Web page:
Year 3, Month 9, Day 26: GOTV!

The Morning Sentinel (Waterville, ME) runs an article by Richard Thomas, titled “Voters must press both parties to address climate change”:

This summer, flooding, hot spells, drought and firestorms are beginning to show us that climate change will be the defining issue of this century.

The drought in middle America already has caused a 10 percent rise in food prices.

Unfortunately, it appears that the impact of climate change will become much more extreme for a number of reasons. Individually, we have little control over this, but we do have a chance during the coming elections to push our government to face this issue more responsibly.

The factors that appear to make extreme climate change inevitable include the length of time required to build a new “green” energy infrastructure, the profit structure of corporations, politics and human nature. The health of our economy depends on cheap portable energy. Now, this means burning huge amounts of oil, gas and coal.

Unfortunately, burning fossil fuels releases a greenhouse gas, carbon dioxide, which leads to climate warming. Even the CEO of ExxonMobil now admits that burning fossil fuels is making climate change worse.

A fundamental switch to renewable energy sources, however, will slow, because it will take many years to build the new infrastructure (windmills, solar panels, etc). If we wait until our climate becomes really alarming before we start shifting away from burning fossil fuels, global warming will continue to worsen for many more years.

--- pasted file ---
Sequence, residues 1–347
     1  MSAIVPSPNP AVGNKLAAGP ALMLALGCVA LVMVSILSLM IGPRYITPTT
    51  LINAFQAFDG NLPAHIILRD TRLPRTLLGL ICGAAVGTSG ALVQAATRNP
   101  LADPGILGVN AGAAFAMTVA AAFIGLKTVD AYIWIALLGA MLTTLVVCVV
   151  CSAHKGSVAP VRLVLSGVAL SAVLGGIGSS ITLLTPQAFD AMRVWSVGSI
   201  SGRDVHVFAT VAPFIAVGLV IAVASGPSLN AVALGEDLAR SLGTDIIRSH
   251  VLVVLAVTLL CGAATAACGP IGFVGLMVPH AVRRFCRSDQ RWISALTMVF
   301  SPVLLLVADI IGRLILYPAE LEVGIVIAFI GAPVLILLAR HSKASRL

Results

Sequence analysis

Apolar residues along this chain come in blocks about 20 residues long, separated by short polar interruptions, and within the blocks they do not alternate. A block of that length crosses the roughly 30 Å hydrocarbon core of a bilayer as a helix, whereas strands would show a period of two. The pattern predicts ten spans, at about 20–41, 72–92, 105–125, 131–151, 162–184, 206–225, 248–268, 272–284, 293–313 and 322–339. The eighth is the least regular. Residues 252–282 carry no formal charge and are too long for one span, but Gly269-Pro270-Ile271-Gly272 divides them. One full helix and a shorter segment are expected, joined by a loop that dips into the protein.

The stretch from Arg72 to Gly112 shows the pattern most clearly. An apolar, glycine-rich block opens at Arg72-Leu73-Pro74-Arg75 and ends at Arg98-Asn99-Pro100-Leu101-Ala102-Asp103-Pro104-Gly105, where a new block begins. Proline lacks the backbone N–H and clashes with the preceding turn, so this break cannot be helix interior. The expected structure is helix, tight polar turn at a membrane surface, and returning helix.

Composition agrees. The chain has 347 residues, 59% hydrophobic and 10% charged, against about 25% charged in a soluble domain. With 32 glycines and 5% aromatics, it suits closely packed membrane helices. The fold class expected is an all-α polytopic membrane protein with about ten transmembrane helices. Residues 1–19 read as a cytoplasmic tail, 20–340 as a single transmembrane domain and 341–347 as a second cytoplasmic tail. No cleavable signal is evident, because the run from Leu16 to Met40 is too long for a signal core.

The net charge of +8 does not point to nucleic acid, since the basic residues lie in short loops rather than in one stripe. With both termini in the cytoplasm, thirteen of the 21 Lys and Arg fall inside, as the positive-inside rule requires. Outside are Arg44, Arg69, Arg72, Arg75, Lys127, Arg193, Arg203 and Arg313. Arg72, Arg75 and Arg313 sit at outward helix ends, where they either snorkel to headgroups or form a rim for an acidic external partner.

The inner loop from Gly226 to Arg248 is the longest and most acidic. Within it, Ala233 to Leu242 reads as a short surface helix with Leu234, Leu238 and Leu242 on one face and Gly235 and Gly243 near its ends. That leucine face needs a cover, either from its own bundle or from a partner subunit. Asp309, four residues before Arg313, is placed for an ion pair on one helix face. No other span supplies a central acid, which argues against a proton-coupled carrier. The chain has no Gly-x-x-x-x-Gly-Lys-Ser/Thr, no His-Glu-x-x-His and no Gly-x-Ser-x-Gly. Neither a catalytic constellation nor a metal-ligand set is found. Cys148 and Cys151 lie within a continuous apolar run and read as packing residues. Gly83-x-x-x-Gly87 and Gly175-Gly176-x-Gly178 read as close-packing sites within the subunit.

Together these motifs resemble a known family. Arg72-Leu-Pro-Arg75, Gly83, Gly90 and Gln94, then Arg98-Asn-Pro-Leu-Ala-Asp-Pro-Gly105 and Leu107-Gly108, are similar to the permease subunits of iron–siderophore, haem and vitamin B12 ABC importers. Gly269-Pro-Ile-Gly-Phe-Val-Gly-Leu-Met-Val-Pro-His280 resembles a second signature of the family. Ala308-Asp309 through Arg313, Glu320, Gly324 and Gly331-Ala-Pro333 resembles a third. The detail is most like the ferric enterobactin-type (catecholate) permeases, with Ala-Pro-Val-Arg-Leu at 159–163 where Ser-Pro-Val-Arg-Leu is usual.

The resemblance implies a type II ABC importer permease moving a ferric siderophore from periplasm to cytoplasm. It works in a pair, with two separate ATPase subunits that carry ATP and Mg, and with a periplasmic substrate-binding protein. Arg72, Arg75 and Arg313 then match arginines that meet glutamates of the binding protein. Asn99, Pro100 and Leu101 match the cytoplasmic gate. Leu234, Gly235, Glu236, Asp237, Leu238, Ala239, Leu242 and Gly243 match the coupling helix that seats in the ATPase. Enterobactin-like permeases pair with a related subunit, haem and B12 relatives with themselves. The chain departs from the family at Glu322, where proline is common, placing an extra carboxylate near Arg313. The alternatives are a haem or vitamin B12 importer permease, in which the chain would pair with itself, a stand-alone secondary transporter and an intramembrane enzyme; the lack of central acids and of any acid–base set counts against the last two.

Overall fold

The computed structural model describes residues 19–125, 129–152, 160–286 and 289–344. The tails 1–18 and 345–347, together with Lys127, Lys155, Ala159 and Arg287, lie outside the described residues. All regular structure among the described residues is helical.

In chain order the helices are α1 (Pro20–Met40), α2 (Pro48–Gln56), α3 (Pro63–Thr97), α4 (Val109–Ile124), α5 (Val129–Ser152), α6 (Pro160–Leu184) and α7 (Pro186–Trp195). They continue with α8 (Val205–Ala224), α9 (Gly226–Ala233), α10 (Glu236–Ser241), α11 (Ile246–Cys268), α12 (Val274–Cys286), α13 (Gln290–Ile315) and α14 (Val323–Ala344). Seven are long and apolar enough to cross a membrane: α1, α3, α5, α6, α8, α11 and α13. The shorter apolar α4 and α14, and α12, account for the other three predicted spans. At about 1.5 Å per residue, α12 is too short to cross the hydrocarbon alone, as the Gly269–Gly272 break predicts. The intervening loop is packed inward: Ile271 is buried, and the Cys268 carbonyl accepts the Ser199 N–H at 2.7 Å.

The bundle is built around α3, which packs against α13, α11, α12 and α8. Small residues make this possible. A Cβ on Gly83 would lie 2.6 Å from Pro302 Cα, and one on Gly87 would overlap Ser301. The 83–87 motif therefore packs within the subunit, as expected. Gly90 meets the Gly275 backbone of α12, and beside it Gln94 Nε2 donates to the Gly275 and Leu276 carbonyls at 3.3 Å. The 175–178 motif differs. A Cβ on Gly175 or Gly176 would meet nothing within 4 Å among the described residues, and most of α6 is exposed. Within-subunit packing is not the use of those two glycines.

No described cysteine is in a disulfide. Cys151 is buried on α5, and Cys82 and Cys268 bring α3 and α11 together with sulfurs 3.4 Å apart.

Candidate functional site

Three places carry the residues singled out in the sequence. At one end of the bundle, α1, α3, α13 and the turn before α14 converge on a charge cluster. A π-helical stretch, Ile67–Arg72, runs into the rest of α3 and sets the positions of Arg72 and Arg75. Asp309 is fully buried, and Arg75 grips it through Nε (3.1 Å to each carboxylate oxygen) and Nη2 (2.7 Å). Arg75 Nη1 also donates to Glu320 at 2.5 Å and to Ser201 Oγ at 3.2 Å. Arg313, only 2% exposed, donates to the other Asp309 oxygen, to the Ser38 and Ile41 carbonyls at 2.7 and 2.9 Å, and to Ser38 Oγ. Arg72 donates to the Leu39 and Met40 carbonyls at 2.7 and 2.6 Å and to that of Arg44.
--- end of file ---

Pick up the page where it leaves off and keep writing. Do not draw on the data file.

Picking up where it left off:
Good luck with the “both parties” part. I waxed philosophical in this one, bolstered by a 300-word limit. Sent September 19:

When it comes to the climate crisis, both our political and media establishments have been utterly unable to cope with an emergency whose dimensions cannot be reduced to sound bites and sloganeering. The causes of this dysfunction are many and varied, but can be grouped into three major categories: fear, ignorance and greed.

Our fear is easily understood: human beings prefer to avoid bad news. Because climate change unfolds gradually over time, there will never be a single iconic moment which will instantly overcome our collective timidity and galvanize us into concerted action.

Our ignorance stems from failures of education. The same nation that once put humans on the moon now publicly elevates celebrities who believe the Earth is flat. In a political culture that disparages learning and expertise, continued scientific verification of the greenhouse effect can have no impact on the minds of our legislators.

Lastly, while all of us wish to keep our conveniences and augment our lifestyles, the charge of greed is rightly directed at those who reap huge returns from our continued consumption of fossil fuels. The big coal and oil companies are already among the most profitable corporate entities on the planet, and these huge economic powers have no wish to relinquish even the tiniest fraction of their gains, even if humanity’s future hangs in the balance.

These are the three forces we must overcome if we are to address the climate crisis. In November, let us vote in favor of courage, wisdom and responsibility, and against fear, ignorance and greed.

Warren Senders

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